Wednesday , May 9th, 10:30 am - 12:30 pm

Attendance policy:  See Slippery Rock University's Attendance Policy

Late work: Any homework that is turned in late must contain the word LATE at the end of the subject line in e-mail. The grade on any late assignment will be dropped by 20%. Assignments more than one week late will not be accepted.

Make-up exams: It is the student's responsibility a) to notify the instructor beforehand if he or she must miss an exam due to illness or family emergency and b) to take the initiative in finding a time suitable to the instructor that the exam (or a substitute) may be made-up.

Academic Integrity: All academic work for this course must consist of your own work. See the University's statement on Academic Integrity . Though it remains the student's responsibility to read and understand the University's expectations here, I wish to emphasize the following excerpts from that statement:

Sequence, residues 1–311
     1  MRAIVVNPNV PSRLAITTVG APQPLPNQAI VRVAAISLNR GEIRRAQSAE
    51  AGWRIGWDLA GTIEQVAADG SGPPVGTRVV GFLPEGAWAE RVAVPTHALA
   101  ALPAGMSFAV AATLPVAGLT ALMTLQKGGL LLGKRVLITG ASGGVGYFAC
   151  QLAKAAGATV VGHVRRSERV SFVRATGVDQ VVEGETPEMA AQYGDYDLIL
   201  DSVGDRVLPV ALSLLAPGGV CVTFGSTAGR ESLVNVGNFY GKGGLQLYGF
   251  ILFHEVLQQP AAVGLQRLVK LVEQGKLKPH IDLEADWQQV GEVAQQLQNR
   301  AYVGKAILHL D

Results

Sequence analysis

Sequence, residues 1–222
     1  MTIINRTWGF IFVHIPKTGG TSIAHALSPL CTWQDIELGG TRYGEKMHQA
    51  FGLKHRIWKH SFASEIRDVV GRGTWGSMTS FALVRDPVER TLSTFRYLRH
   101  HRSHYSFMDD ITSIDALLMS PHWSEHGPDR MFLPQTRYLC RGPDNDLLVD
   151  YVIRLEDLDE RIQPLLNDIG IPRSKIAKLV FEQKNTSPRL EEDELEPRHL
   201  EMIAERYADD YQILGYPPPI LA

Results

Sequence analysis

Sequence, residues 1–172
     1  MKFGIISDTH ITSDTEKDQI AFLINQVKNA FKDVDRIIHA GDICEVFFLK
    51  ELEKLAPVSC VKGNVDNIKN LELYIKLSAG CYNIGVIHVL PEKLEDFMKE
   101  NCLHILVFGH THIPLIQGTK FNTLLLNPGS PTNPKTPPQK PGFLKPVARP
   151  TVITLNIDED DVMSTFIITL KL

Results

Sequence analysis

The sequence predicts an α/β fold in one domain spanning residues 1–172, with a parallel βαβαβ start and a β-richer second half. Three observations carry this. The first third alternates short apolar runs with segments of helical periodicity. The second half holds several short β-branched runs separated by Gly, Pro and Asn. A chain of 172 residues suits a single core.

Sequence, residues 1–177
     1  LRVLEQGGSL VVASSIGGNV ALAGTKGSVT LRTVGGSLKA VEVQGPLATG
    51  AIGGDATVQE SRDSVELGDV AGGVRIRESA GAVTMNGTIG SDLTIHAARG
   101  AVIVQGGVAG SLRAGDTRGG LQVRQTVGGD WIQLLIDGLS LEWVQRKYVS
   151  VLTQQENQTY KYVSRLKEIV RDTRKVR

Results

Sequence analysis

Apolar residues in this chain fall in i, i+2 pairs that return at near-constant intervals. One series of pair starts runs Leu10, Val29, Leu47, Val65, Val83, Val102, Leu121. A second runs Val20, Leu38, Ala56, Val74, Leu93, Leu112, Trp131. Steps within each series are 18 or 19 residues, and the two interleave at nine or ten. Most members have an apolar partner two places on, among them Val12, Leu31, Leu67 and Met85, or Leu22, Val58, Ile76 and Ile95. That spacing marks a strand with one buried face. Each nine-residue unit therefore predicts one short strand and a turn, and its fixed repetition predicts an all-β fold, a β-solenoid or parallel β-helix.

"It is expected that students engage in the following pre-emptive behaviors:

The fact that this course is in Computer Science does not lessen the student's responsibility to make sure that work submitted for a grade is his or her own work. Again, from the University's statement on Academic Integrity:

The University gives many examples of academic dishonesty, including:

 Note that the University's statement on Academic Integrity also includes language pertaining to Intellectual Property law:

This is particularly relevant in computer science. Using someone else's code or programs is contrary to university policy and, in many cases, contrary to US and/or international law. There is utterly no reason you should ever have a physical or electronic copy of anyone else's assignment in your possession.